Caribbean migration to Canada

Migration has long been a feature of Caribbean societies. Created irst as a result of the Atlantic slave trade, and later due to other involuntary forms of migration such as that produced by indentured servitude from India, Caribbean territories such as Trinidad & Tobago, Guyana, Jamaica, Barbados, and Haiti are generally viewed as migration-oriented societies. Emancipation and independence from colonial powers did little to transform the economic and social reality of these societies.

Black Canadian Nurses and Technology

Generally speaking, when feminist scholars conceptualize the meaning of technology for women in relation to paid work in North America, they either view technology as reinforcing social inequality—that is, women are viewed as victims of technology—or they see technology as a mixed blessing.
For the first group, a major concern is how technology reinforces and maintains social inequality, based on race, class, gender, age or other markers of difference. Eileen B. Leonard, for example, points out that “for many women workers developing technologies have yet to deliver as promised . . . it has done little to improve the status of women in the workplace.” 

Beyond the Glass Wall: Black Canadian Nurses, 1940-1970

 Until the mid-1940s, young Black women who wanted to train asnurses in Canada were prohibited from doing so. The first cohort of BlackCanadian registered nurses integrated Canadian nursing schools begin-ning in the early 1950s. I argue that despite entering an occupation thatdefined itself around Victorian ideals of “true womanhood,” an archetypethat excluded Black women, these nurses were able to negotiate and securea place in the profession. This research not only contributes to Canadiannursing, it also situates Canada, with respect to scholarly discussions aboutthe Black Diaspora.

“I’m glad that someone is telling the nursing story’: Writing Black Women’s History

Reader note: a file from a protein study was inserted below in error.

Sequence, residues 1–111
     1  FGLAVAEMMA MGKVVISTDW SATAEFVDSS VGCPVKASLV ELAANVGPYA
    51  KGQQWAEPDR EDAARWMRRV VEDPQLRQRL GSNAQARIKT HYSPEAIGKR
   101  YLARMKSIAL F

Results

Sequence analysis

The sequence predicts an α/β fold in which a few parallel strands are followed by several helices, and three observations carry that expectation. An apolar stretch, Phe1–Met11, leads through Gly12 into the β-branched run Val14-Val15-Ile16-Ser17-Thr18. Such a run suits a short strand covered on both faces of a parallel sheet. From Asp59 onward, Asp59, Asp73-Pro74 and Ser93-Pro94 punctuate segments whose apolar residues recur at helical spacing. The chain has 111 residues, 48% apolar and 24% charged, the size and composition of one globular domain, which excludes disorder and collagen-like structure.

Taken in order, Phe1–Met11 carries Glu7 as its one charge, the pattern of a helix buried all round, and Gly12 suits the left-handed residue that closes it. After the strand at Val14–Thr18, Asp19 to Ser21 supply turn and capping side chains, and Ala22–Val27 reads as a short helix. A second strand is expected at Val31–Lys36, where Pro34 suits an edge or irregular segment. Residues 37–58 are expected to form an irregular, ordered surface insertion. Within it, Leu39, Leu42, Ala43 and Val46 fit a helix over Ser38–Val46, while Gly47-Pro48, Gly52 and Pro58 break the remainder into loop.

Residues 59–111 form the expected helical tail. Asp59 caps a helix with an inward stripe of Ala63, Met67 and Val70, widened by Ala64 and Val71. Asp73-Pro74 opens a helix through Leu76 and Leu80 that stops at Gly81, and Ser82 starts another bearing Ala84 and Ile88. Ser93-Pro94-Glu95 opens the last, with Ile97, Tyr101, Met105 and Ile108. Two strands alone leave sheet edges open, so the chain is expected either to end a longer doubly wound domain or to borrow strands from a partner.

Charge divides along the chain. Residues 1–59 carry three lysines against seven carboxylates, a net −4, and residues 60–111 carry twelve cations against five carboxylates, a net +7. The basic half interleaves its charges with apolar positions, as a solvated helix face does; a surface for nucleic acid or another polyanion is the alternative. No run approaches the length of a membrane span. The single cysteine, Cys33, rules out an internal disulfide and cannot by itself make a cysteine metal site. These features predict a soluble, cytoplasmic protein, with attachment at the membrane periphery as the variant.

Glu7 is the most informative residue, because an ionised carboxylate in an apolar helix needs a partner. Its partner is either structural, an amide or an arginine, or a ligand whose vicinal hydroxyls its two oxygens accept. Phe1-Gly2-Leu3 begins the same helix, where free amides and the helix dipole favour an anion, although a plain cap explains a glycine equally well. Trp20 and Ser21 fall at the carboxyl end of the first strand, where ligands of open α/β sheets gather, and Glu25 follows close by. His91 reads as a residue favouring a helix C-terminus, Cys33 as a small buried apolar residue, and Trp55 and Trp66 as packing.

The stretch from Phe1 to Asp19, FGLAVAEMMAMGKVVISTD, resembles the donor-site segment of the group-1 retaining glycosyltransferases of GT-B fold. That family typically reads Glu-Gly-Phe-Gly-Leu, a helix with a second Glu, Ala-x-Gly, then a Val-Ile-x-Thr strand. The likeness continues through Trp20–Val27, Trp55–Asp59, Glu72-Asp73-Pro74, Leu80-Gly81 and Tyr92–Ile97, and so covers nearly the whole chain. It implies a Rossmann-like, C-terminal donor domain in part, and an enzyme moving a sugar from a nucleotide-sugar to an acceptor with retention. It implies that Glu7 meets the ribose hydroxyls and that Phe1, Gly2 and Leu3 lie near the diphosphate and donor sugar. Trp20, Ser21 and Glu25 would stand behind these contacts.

In 1947,Frieda Parker Steele and Cecile Wright Lemon began nursingtraining at the Hôtel Dieu of the St. Joseph School of Nursing in Windsor,Ontario. That these two young women shared the distinction of being thethird and fourth Black students,respectively,to train at Hôtel Dieu is cer-tainly noteworthy—they were trailblazers. Until the mid-1940s,due to the exclusionary policy of Canadian nursing schools,any young Black womanwho dreamed of becoming a nurse was denied the opportunity.

Lillie Johnson as a Pragmatic Public Intellectual

Upon their arrival in Canada, British-trained Caribbean migrant nurses (including midwives) were shocked to learn that the bodies responsible for nursing in Canada had difficulties adjudicating their foreign credentials. In order to obtain Registered Nurse status in Canada, the nurses had to upgrade
because the “British system” (on which Caribbean nursing education and licensing was based) defined obstetrical and pediatric training as separate qualifications not included in the regular RN stream. Thus, they lacked the crucial component necessary for Canadian licensure. Equally significant, in Johnson’s case in particular, was the prohibition against midwifery practice.


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